Canada will not yet change its approach to administering monkeypox vaccines to allow them to be broken down into much smaller doses, which the United States has done in order to vaccinate more people than the current strategy.
Canada’s chief public health official, Dr. Theresa Tam, said during a news conference on Friday that Canada has no plans at the moment to recommend changes in the vaccination strategy to allow partial doses to be given across the country.
“We’ve been reaching out, of course, with our colleagues in the United States to look at their strategy and see if we can gather as much information as possible. There is limited data, but I think it’s an important approach to exploration,” she said. .
“But right now, working with the National Immunization Advisory Committee (NACI), we’re really pushing a single-dose approach first to reach as many people as possible in the most affected populations, and we’re going to look at the time interval and the timing and the need for that second dose.”
Watch | The United States is moving to expand supplies of monkeypox vaccine with smaller doses:
United State Transformed her vaccination strategy Earlier this week to allow five full doses of the vaccine, which is made by the North Bavarian Danish company, to be used to expand the supply and cover more people after the approach was deemed safe and effective.
The vaccine will now be delivered into the skin in the US rather than being inserted deeper into the muscle, after the US Food and Drug Administration issued an emergency use authorization that allowed partial doses of the vaccine to be used for people 18 and older.
Virologist says vaccine availability is a challenge
“Looking at the global picture, the biggest challenge we have right now is vaccine supply,” said Alison Kelvin, a virologist with the Vaccines and Infectious Diseases Organization of the University of Saskatchewan in Saskatoon.
“There is a limited supply around the world, so we need to find strategies to contain the virus and the outbreak, and one of those strategies is dose sparing, which is basically the approach the United States has taken here.”
Kelvin said evidence shows that intradermal administration of the subcutaneous vaccine provides a “very robust response” with the monkeypox vaccine, also known as Imvamune.
“Given that we want to protect as many people as possible and contain the outbreak, this makes sense in a situation where the vaccine supply is limited compared to the number of cases or the course of cases,” she said.
“We have much fewer cases than in the US so I don’t know how that compares to our vaccine supply.”
Public Health Canada (PHAC) has repeatedly declined to provide the number of monkeypox vaccines that Canada has in the national stockpile, citing security concerns, despite providing that number for other vaccines and other countries sharing that information.
To date, Tam said, Canada has deployed 99,000 vaccines to provinces and territories.
“What we want to do is watch which communities are getting strategy into the dermis and see how protected they are, and cases have been able to bend because of that,” Kelvin said.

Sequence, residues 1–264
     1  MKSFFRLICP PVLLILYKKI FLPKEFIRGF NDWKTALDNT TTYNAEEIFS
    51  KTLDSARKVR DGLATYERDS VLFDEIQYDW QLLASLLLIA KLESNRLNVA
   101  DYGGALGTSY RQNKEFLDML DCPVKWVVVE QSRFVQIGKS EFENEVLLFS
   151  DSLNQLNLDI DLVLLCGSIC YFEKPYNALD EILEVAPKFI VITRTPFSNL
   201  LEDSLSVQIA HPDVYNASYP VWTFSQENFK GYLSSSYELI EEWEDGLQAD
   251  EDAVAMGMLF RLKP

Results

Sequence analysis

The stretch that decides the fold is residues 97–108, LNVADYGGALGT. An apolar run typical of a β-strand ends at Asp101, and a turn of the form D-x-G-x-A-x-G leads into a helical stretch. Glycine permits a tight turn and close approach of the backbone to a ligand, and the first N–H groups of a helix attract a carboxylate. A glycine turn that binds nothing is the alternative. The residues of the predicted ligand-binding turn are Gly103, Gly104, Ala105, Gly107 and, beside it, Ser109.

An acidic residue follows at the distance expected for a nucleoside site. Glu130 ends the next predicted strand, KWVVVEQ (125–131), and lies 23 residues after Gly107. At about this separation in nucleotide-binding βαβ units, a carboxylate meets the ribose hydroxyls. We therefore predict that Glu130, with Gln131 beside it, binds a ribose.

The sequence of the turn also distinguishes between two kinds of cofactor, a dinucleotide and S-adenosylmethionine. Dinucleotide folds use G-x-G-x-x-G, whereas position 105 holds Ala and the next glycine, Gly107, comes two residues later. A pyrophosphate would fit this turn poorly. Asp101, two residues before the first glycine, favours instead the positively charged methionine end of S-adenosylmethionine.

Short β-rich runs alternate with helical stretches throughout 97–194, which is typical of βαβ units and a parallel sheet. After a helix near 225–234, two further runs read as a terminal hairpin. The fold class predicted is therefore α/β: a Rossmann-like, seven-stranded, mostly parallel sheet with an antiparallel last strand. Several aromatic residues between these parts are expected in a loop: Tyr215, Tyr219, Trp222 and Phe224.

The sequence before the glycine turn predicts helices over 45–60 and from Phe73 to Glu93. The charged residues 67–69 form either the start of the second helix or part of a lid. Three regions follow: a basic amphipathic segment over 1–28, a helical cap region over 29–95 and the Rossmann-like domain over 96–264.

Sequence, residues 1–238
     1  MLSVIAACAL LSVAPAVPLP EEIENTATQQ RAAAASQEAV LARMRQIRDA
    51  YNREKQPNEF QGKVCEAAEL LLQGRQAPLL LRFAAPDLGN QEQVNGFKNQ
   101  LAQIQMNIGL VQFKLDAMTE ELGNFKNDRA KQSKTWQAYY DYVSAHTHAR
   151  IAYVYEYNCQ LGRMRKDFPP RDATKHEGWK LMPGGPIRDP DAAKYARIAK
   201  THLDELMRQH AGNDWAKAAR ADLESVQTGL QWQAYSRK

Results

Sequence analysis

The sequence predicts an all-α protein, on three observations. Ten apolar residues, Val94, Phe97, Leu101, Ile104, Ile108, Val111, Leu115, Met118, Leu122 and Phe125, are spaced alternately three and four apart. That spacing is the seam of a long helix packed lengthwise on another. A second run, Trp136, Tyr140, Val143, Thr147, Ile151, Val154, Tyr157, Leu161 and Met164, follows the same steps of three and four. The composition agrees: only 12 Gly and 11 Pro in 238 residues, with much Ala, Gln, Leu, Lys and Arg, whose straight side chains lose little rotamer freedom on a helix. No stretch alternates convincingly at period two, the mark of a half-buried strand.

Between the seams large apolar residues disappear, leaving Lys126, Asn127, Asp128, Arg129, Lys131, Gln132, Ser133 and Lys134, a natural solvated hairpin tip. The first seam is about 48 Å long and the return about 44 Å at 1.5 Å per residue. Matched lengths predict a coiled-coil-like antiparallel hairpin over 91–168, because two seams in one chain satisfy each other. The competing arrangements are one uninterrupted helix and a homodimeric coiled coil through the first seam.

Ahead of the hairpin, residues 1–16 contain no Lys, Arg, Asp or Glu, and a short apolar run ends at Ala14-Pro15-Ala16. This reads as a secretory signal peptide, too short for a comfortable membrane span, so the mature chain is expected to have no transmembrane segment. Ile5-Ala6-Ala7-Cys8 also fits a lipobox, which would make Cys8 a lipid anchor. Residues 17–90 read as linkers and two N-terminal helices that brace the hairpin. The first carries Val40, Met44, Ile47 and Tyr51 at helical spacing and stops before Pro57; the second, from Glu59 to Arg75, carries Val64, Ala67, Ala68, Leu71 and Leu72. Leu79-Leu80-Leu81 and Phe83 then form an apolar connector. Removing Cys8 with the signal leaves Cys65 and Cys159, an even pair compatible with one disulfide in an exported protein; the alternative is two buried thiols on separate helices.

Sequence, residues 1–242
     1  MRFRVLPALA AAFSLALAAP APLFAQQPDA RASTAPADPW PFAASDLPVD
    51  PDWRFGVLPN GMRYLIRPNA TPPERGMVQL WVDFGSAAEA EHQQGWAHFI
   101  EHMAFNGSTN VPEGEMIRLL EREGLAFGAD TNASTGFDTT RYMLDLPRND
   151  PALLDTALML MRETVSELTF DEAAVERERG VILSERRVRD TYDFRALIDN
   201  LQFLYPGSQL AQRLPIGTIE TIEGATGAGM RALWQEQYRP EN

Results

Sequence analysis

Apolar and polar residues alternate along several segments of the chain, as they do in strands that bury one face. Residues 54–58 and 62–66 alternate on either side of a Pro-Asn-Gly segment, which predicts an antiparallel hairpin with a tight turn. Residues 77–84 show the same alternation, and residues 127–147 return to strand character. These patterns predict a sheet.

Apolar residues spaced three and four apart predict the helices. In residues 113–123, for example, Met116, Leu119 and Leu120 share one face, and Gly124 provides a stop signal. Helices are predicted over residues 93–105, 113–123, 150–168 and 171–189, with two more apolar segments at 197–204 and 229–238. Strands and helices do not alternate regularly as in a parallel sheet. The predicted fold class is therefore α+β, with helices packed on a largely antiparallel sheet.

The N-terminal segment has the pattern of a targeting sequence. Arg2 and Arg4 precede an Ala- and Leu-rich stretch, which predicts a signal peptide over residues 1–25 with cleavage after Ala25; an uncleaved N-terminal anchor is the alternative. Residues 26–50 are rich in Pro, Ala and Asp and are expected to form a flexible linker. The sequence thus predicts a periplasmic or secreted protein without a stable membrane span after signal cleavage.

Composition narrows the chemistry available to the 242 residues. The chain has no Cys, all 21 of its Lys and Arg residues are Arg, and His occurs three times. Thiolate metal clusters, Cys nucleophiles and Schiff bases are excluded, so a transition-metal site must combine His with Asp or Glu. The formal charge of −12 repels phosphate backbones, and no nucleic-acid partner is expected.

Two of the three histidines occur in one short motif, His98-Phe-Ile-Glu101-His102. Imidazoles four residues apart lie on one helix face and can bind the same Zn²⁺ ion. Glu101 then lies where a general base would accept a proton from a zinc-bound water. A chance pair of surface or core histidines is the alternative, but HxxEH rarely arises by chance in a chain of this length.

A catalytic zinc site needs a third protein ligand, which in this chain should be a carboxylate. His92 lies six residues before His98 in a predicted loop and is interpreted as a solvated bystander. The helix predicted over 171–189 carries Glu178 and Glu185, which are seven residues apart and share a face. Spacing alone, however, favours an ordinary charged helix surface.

“And if we’re in this situation where we find we don’t have enough vaccines to go around protecting those who need them, it would be reasonable to look at that as a strategy going forward.”
More than 1000 cases in Canada
there now 1059 cases of monkeypox Across Canada, with the bulk of it in Ontario and Quebec, amid a growing global outbreak that has spread to dozens of countries around the world in the past few months.
Tam said Canada will soon move to testing wastewater in different parts of the country to better track the spread of the disease, also known as MPXV, to build infrastructure developed to monitor COVID-19 in the pandemic.
“From now on, it could form part of our monitoring of disease activity going up and down across the country,” she said, noting that the National Microbiology Laboratory in Winnipeg had developed a new method for detecting the virus in wastewater. “Now we have come up with something that can be used more widely.”
Watch | Canada records more than 1,000 cases of monkeypox:
In Canada and around the world, the current outbreak has severely affected men who have sex with men and can cause painful infections that take weeks to heal.
More than 99 percent of MPXV cases in Canada are in men and the average age of those infected is 35, Tam said. Late last month, PHAC Gay and bisexual men encouraged to practice safe sex And limit the number of sexual partners, in an effort to slow the spread of the virus between sexual networks.
Globally, Tam said there are now more than 31,000 cases reported in more than 91 countries, with a 19 percent increase in cases this week compared to the previous week.
Tam said it is “too early to tell” whether cases are slowing or declining in Canada, although there may be “some early signs” that cases are not increasing at the same rate as they were at the start of the outbreak.
The Director-General of the World Health Organization, Tedros Adhanom Ghebreyesus, has classified the outbreak as a virus global emergency Late last month, he described the rapid spread of the virus around the world as an “exceptional” situation.